Saba7o LOVEanense! I feel like I spend every new post apologizing for not updating sooner, but I assure you... finding a job is really tough. Some good news though is that this is my 35th post! It's been really hard to find the energy to write, but last week I watched something for the first time, and felt compelled to write about it. Although I usually spend the first paragraph of a post giving updates, there's nothing really to update this time around.
I do want to draw your attention, though, to a couple articles I found recently that are really important. The first is about the common causes of divorce. If you've ever wanted to see a pretty comprehensive list, it's here. Dr. Terri Orbush covers some important lessons that were actually learned from couples who did divorce. Moreover, she has some great advice for dealing with the number one cause: money.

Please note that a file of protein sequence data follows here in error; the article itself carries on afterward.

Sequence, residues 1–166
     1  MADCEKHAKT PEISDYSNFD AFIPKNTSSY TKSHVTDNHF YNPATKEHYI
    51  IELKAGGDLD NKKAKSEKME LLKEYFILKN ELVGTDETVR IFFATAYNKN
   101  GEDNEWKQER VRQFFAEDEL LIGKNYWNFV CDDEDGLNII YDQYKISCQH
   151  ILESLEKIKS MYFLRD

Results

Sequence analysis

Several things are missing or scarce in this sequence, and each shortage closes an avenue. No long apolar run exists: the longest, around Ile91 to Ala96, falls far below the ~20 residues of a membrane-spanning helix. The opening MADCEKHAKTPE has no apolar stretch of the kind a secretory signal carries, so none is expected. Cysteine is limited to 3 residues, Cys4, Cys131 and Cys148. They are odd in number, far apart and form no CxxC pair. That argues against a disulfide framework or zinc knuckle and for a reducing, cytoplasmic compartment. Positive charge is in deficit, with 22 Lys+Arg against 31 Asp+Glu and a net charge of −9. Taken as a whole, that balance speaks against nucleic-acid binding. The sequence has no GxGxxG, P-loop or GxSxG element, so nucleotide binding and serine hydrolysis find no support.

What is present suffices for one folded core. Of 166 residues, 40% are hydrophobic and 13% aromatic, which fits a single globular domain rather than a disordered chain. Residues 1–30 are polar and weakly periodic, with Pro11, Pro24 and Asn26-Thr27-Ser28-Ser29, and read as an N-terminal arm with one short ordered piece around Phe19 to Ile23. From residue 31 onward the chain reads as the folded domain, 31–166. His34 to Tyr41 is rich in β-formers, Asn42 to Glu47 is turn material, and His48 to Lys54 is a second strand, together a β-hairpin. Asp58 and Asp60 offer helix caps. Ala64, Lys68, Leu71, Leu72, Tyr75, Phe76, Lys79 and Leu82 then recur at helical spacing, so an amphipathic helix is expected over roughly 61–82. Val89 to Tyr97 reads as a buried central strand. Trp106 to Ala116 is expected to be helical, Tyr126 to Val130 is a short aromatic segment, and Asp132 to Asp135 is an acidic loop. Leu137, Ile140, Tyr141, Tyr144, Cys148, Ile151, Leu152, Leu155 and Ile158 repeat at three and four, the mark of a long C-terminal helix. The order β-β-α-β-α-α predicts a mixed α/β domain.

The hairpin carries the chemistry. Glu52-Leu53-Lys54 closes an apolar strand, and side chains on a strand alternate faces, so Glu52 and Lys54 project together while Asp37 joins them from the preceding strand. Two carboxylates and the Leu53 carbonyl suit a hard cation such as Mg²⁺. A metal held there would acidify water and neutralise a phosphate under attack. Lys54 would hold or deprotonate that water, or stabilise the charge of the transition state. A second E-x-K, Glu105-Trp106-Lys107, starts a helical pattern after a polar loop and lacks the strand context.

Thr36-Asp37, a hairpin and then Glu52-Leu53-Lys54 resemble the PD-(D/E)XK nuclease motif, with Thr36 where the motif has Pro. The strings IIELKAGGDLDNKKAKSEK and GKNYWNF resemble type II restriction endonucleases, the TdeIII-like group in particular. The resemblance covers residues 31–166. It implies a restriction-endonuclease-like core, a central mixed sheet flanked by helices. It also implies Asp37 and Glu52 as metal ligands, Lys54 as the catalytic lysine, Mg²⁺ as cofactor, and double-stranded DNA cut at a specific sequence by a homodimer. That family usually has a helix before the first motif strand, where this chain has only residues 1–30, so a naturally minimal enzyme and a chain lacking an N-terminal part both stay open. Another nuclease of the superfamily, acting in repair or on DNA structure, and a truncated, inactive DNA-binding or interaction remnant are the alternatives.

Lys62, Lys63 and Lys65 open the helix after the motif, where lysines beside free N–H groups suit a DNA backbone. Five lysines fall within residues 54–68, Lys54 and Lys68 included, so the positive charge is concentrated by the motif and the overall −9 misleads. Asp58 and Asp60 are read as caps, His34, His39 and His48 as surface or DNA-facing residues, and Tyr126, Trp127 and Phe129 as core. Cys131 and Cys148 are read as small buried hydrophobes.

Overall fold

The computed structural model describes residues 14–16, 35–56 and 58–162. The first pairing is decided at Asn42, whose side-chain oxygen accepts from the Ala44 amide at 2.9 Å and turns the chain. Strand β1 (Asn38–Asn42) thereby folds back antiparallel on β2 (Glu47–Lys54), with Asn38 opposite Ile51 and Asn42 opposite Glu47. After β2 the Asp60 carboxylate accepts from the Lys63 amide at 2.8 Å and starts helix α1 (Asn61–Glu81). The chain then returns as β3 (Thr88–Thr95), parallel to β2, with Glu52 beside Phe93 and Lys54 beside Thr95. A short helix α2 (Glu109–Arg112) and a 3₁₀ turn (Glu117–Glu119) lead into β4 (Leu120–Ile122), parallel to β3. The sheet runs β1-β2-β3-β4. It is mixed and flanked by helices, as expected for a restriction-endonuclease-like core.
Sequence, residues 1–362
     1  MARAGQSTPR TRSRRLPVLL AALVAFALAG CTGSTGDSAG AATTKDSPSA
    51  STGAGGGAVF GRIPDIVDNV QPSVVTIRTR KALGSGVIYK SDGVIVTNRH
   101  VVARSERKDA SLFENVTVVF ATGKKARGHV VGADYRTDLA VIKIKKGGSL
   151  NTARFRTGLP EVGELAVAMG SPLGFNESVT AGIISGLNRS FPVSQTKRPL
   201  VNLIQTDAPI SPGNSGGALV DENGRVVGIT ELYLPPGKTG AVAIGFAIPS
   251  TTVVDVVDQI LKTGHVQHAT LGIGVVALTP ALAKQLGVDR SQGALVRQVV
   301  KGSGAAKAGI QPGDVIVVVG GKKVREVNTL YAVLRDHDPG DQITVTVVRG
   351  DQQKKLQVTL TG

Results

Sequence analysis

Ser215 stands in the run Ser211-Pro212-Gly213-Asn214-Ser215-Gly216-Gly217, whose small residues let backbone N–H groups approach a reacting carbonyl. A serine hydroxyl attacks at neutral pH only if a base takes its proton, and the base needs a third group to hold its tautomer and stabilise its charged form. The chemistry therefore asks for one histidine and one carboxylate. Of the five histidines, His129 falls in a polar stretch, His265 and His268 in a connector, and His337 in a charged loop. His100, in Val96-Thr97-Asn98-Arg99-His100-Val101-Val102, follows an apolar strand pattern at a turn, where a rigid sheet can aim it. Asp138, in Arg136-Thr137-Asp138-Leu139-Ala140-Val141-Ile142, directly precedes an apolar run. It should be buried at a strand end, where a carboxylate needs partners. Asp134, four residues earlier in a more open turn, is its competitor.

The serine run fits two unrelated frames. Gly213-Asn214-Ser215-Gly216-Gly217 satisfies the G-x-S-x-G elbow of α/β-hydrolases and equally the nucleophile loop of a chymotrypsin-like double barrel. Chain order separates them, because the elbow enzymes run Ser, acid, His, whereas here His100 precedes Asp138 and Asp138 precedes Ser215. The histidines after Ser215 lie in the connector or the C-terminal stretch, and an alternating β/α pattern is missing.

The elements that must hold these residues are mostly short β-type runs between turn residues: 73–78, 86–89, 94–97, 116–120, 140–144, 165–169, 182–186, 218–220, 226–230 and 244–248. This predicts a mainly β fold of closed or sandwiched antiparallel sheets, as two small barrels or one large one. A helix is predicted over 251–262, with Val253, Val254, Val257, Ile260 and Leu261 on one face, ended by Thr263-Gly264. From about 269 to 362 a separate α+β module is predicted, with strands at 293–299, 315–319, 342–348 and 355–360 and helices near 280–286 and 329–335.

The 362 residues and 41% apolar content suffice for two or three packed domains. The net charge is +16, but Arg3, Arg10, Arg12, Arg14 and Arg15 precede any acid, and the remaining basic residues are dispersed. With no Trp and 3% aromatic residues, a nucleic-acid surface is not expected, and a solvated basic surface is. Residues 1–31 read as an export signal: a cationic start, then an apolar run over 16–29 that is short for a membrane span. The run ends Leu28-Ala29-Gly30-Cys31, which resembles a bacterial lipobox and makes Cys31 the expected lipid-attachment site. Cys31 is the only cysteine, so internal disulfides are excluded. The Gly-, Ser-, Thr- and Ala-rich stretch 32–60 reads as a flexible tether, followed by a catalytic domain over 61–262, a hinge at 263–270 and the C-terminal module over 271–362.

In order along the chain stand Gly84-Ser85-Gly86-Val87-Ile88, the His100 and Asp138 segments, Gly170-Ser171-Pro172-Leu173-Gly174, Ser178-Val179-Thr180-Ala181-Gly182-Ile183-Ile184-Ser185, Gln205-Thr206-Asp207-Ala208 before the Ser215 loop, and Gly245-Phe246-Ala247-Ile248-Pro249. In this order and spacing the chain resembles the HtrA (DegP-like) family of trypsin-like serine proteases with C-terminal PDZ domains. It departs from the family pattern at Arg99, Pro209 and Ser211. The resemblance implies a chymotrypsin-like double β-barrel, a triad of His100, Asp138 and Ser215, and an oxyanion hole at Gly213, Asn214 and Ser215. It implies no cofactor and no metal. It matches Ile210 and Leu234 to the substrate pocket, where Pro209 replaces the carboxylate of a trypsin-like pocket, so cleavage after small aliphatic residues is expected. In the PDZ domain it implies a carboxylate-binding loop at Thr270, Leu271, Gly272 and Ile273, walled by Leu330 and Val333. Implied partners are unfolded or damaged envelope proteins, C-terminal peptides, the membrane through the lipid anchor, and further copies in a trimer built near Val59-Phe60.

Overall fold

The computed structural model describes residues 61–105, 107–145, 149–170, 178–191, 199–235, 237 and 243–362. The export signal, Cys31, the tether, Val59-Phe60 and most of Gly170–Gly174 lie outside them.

With that said, if you have not seen the 2005 movie Hitch, you really need to watch it.
|It's got Will Smith in it, OF COURSE it's gonna be good!|
Well... not ALL of them. The quote at the beginning was actually the opening lines of the movie. I was a little skeptical of the theme of the movie based on what he was saying, because it sounded a little too good to be true. First of all, although nonverbal communication is incredibly important in communicating, some are critical of the 90% of all communication is nonverbal. Regardless, it's still an important point, and I was definitely interested in seeing what else Hitch had to say, but I hope it goes without saying that you should just be careful when you hear a statistic floated around in mainstream media (and always question it's accuracy).
The more I watched, the more subtleties I began to pick-up on, and the more I realized it was actually a very positive film. One of these was what I considered the difference between methods and intentions. For example, just watch this short clip I recorded of what I think is the most important part of the movie (just watching it gives me goosebumps):